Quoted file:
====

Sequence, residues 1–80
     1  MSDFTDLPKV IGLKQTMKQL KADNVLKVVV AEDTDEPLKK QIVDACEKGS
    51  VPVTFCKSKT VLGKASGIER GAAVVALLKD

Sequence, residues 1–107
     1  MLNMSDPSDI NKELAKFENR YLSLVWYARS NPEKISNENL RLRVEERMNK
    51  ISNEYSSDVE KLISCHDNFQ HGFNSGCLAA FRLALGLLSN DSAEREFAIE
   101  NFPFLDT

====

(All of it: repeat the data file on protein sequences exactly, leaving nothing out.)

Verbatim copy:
Sequence, residues 1–80
     1  MSDFTDLPKV IGLKQTMKQL KADNVLKVVV AEDTDEPLKK QIVDACEKGS
    51  VPVTFCKSKT VLGKASGIER GAAVVALLKD

Sequence, residues 1–107
     1  MLNMSDPSDI NKELAKFENR YLSLVWYARS NPEKISNENL RLRVEERMNK
    51  ISNEYSSDVE KLISCHDNFQ HGFNSGCLAA FRLALGLLSN DSAEREFAIE
   101  NFPFLDT